Sculptor James E. Kelly (c1915)
Born: July 30, 1855
Died May 25, 1933
Kelly has two works at Gettysburg. The 6th New York Cavalry Monument (featured earlier on Gettysburg Sculptures) was his first dedicated in 1889. The Buford, his second piece, would be dedicated in 1895.
Above, travelers visiting the battlefield stop to have their photograph taken in front of the Buford Monument. This Mumper image was taken May 26, 1906. An enlargement from the group photo above. If you look carefully the Victorian women above has her right hand laying on the brass plaque denoting that this barrel, part of Calef's Battery, gun number "233", fired the first artillery round of the battle of Gettysburg. This plaque can still be seen today on the barrel.
James E. Kelly would sketch the Council of War at Gettysburg. It depicts General Meade (standing 2nd from left) meeting with his commanders on the evening of July 2, 1863 at the Leister house.
Kelly would interview many of the participants that were in attendance that evening. When Major General Hancock (sitting 3rd from right) would see the sketch he informed Kelly "You have made me too stout. Anyone who knew me at the time would make that criticism."
It is good that Hancock would not see his bronze equestrian that was dedicated on East Cemetery Hill in 1896 at Gettysburg.
An outstanding book highlighting the life of James E. Kelly and his personnel conversations with many great commanders of the Civil War is:
Generals in Bronze
Interviewing the Commanders of the Civil War
Edited by William B. Styple
This rare, original bronze plaque was sculpted by Kelly in 1896. Its subject is Dr. Thomas Dunn English, noted doctor, poet and lawyer.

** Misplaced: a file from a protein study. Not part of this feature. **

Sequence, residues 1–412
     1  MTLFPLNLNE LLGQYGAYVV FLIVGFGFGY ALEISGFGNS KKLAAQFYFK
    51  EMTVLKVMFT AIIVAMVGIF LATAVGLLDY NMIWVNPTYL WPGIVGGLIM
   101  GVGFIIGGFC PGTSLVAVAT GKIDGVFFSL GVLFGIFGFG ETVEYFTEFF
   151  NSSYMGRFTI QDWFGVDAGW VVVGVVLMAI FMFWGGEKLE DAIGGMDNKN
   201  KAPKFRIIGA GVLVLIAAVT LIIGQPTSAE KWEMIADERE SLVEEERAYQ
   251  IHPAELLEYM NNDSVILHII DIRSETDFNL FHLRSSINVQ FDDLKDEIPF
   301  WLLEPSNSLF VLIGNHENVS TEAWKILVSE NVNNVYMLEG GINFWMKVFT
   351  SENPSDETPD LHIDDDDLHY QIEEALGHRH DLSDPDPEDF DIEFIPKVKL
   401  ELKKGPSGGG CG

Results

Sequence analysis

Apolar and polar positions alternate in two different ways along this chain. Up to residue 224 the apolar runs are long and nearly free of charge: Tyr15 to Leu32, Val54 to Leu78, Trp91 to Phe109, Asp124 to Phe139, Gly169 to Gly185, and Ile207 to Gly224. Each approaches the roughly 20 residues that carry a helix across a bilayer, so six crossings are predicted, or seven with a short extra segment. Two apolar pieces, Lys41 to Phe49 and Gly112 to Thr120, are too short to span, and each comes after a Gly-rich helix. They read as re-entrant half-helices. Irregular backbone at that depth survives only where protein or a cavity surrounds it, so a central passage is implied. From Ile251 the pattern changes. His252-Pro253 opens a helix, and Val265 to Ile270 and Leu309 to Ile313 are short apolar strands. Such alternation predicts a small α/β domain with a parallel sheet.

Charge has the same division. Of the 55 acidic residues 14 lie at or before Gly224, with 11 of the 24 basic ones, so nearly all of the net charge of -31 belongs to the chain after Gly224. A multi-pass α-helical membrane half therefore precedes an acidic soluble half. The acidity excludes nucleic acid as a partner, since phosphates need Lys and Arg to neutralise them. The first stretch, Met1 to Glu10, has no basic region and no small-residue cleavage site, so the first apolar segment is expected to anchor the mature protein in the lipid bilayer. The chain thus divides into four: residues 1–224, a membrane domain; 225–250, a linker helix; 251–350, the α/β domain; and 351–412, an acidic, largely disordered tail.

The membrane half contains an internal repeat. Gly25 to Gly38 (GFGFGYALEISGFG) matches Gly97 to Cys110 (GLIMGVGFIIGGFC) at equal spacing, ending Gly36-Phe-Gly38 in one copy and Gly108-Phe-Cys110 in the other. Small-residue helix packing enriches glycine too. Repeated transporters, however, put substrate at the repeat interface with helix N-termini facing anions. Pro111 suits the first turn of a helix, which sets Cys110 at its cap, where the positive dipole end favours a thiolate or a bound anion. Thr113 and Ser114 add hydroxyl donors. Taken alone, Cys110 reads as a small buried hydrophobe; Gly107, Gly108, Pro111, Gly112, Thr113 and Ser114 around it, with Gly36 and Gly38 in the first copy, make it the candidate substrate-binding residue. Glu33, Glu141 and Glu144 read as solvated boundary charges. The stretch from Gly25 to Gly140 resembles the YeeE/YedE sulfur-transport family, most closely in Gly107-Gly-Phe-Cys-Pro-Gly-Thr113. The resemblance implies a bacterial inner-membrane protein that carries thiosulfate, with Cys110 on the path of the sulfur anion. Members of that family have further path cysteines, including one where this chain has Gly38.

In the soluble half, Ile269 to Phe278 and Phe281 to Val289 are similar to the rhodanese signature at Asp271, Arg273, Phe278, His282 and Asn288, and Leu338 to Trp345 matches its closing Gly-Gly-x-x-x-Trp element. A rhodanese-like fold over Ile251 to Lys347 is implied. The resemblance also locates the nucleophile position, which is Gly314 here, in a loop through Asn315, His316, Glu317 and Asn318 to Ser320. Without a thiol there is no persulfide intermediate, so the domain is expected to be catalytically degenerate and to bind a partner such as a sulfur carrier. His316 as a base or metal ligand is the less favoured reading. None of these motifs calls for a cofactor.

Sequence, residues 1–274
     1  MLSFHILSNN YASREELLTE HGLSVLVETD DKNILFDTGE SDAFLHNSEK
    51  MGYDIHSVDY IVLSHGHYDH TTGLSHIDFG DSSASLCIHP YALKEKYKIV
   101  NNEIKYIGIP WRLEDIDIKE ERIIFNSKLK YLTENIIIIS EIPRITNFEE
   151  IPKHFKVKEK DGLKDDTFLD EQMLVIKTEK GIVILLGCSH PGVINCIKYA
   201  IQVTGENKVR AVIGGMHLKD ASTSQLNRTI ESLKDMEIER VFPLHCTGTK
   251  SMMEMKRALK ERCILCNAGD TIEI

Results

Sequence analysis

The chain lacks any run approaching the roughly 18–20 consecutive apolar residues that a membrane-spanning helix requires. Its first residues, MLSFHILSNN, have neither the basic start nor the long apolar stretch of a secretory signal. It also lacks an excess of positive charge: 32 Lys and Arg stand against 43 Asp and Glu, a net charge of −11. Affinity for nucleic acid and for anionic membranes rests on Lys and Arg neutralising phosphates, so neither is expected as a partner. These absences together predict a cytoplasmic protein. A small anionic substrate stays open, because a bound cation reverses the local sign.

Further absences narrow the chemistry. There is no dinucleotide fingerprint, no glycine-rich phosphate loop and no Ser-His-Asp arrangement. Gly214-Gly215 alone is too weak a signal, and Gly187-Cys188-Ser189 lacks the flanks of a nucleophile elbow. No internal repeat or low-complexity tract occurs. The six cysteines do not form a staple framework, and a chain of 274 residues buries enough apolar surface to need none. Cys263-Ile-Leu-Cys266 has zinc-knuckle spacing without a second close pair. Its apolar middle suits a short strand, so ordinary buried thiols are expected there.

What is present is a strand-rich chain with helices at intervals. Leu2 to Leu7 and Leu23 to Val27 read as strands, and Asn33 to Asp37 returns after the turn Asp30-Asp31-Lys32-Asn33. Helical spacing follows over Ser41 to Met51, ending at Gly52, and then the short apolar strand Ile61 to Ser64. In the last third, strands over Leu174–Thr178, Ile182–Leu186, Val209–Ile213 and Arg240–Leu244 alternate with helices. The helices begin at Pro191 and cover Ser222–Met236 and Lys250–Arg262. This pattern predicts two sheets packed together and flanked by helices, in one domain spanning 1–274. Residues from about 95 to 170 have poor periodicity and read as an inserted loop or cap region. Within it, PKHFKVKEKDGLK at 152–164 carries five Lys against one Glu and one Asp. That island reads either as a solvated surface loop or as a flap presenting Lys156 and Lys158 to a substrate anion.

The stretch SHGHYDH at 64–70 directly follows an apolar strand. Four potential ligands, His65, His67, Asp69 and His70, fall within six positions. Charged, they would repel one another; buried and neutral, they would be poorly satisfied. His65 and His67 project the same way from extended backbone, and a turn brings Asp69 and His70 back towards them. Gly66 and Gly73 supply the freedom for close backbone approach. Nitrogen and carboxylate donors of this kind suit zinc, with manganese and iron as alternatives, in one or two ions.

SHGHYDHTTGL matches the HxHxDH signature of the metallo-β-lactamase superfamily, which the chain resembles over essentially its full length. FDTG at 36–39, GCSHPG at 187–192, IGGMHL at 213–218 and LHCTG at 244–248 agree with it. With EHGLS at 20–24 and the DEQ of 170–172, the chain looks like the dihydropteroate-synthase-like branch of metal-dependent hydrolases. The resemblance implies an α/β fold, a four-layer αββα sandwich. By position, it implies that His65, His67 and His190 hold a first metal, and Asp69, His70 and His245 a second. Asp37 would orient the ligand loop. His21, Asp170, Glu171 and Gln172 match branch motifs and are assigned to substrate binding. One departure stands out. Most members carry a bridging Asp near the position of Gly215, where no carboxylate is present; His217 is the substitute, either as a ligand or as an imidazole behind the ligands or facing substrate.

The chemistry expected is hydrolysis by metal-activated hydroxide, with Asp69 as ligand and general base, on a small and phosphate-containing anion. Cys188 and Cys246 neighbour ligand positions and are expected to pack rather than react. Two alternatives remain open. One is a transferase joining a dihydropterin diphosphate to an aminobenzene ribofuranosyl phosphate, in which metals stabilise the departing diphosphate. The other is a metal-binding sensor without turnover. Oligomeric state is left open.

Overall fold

Dr. English would note that while meeting with Gen. Samuel K. Zook and when informed that General Lee had invaded the north, Zook would say "I start tomorrow for the front". English would try to dissuade Zook from traveling due to recent illness, but we now know that Zook would arrive at Gettysburg and would be mortally wounded on the afternoon of July 2, while entering the Wheatfield fight.
An original letter written by Kelly to Dr. Dunn English informing him that the bronze plaques cast for the 6th New York Cavalry monument at Gettysburg (dedicated July 11, 1889) were on display at the foundry.
At the dedication of the Buford monument Kelly had so captured the likeness of Buford, visitors would recognize General Buford's brother because of the resemblance to the statue.
Above the incised signature of Kelly on the base of the monument.
One of Kelly's trademarks is the large "K" in his signature.
The Henry-Bonnard Bronze Company would cast this wonderful bronze statue.
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